Suppose you want to know how many objects you get from the pipeline – a totally valid question. Maybe your function is supposed to only get one.

You just do $input.Count and… get nothing. Such property does not exist. This is an enumerator and it simply does not have such a property.

OK, you say, let’s wrap it into an array and we’ll learn the size:


This works… Kind of… If you modify our example above to:

Function Sum {
    "Number of elements: " + @($input).Count
    $sum = 0
    $input |  foreach { $sum += $_ }
    "Sum is: " + $sum

1, 2, 3 | Sum

You get:

Number of elements: 3
Sum is: 0

The first line is correct – we had 3 elements. But why the heck is the sum 0 now?

Well, $input is an enumerator, and when you use it – you get to the next element. So once we used it to create a temporary array we got to its end. To fix it, simply reset it back:

Function Sum {
    "Number of elements: " + @($input).Count

    $sum = 0
    $input |  foreach { $sum += $_ }
    "Sum is: " + $sum

1, 2, 3 | Sum

Now we are good again:

Number of elements: 3
Sum is: 6

2. Just using $input holds the pipeline till all objects are collected

This second one was spotted by Per here. He tried using $input and noticed that his function did not get executed until the whole pipeline was processed (that is his function was not invoked for each element one by one, but rather for the whole collection) – read his post for details.

This happens because according to PowerShell help:

“In the Process block of a function, $input contains the object currently in the pipeline… If the function does not have a Process block, the value of $input is available to the End block, and it contains all of the input to the function.”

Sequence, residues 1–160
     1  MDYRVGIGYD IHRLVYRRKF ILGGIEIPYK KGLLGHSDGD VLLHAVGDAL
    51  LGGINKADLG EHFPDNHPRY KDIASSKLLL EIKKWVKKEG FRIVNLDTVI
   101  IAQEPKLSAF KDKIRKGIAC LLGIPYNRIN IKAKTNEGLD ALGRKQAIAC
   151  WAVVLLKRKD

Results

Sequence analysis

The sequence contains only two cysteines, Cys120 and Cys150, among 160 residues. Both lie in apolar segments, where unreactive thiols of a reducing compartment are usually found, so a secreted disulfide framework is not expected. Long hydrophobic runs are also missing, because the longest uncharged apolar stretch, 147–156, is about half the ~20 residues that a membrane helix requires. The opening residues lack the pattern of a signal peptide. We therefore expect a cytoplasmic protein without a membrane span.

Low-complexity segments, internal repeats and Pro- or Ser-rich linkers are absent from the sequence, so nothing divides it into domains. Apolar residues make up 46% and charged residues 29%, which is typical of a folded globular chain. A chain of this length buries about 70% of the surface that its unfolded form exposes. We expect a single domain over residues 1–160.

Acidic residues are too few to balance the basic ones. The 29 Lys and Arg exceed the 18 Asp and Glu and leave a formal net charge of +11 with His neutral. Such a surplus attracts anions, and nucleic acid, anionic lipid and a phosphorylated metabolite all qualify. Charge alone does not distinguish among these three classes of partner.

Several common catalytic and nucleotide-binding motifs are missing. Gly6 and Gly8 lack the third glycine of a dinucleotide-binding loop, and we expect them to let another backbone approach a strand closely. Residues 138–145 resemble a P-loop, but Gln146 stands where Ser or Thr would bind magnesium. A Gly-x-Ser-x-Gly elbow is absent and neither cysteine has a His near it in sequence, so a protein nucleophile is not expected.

So basically the reason for the code above to process the whole collection (rather than go item by item) is that we did not have a process block inside the function, so if you care about item by item processing – go with the process block, if not – feel free to use $input.

And by the way, inside the process block just stick to $_ like this:

Function Sum {
  begin { $sum = 0 }
  process { $sum += $_ }
  end { $sum }

1, 2, 3 | Sum

Using $input inside process is a hustle and Oisin promised a post on his blog on the reasons why. 😉

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New patch for AD cmdlets

There is a new patch available for AD cmdlets. It fixes two pretty important issues:

This patch was released as a maintenance release 1.1.2 and was published on September 8. If you downloaded the setup after that date you probably have the version already (just look up the Support information in Control Panel / Add/Remove Programs). If not – download the latest build and install on top of the version you are using – this will upgrade your installation to the patched version.